Successful producer, director, DoP and owner of Paper Bark Films Gregory Read is a school friend of David Mayman’s – the rocket-obsessed businessman. When Mayman told Read he wanted to build a jetpack, Read suggested they make a documentary – now entitled Own the Sky – about the project and so began an incredible 12 year-long journey that had Sony cameras and mics at the very heart of it.
Read explained, “I first met David when I was 10, we used to make rockets in our backyards so I knew anything was possible with this guy. Making Own the Sky was an incredible 12 years of ups and many downs. To see your friend go through so much to realise a childhood dream and to see how he dealt with the consequences of his obsession was, at times, quite hard to witness. However the outcome is a story of triumph over the odds, he climbed that unclimbable mountain.”
For the initial ten years of filming the crew on Own the Sky consisted mostly of one person – Gregory Read. This in itself brought its own challenges.
He continued, “As the majority of the filming was just me, it was important to keep the film and sound equipment compact. So, the first Sony camera I used was a small Sony PMW-EX1. This camera was compact, reliable and easy to use in all lighting conditions. In 2010 in order to have two cameras covering David’s crazy RocketBelt attempt I also had the larger, broadcast, disc-based Sony XD with the help of Denson Baker NZCS ACS. By early 2015 I put away my well-worn EX1 and bought a Sony A7S. This compact camera was very good in low light giving me more flexibility in environments where adding lighting was not possible. With this DSLR camera I used an external recorder to record ProRes 422.”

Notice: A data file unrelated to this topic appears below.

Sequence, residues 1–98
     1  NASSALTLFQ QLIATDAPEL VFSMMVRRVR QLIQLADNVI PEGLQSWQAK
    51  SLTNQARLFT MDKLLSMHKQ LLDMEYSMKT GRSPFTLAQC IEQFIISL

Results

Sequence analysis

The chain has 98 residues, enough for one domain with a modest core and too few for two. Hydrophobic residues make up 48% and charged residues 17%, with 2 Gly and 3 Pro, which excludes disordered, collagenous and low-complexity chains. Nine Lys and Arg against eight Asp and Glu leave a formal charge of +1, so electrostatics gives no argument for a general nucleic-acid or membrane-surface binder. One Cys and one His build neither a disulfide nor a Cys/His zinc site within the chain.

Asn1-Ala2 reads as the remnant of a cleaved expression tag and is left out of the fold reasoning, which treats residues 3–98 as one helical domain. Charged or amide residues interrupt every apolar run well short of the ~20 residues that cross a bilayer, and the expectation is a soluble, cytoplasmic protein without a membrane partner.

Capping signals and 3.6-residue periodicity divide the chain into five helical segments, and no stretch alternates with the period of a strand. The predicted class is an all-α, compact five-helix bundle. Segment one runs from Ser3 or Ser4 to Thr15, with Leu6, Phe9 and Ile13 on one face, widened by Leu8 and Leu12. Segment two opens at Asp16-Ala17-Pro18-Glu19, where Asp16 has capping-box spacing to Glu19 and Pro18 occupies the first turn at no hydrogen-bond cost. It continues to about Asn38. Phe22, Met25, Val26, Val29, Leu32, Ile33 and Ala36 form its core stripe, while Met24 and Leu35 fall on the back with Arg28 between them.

In 2016 Read purchased a Sony PXW-FS7 for initial interviews and location shots. He continued, “The FS7 is simply a great camera which I continue to use today and in 2017 with the film finance in place I was able to get two great cinematographers, Jesse Brunt in the US and Australian Sam Collins, onboard for reconstruction scenes and final master interviews which we shot using the Sony F55. I have to say all the Sony cameras we used over the full 12 years were excellent and performed extremely well.”
The majority of Own the Sky is shot as a ‘fly on the wall’ ob-doc. This meant the Sony cameras had to perform inside and outside and in many cases deal with extreme highlights and shadows.
Under these conditions Read further extolled their virtues adding, “In 12 years no Sony camera ever let me down on this project. Even in the most punishing of environments like shooting in 40-degree heat within a gritty, concrete jet testing facility, they still performed and gave me great results.”
It wasn’t just Sony cameras that sat at the heart of Own the Sky, as Read also used Sony ECM-77BMP mics with UTX-B03 belt-pack transmitters and URX-P03 portable receivers throughout the shoot too.
He explained, “A lot of the environments I shot in were extremely noisy hence a close proximity, broadcast quality Sony ECM-77BMP lapel mic made it possible for me to hear intimate dialogue as I was shooting. I also used the lapel mics for all the interviews. All the Sony mics and audio equipment performed very well delivering clear audio in noisy environments.”
So, it’s fair to say that Gregory Read was not only happy with his choice and use of Sony cameras and mics when shooting Own the Sky but he also developed an admiration and fondness for the equipment and the results the gave him.
He concluded, “For me the one stand out benefit of using Sony cameras and mics was their ease of use. Own the Sky was my first experience actually shooting one of my films and the reliability and quality of the Sony products was remarkable as they performed under all sorts of extreme environments. In most instances I only had one camera capturing moments that could never be repeated. Not only did I get the moment, I also got quality images and sound that look great on the cinema screen. There were no artefacts or drop outs, just great results often in very hot contrasty environments. Amazing.”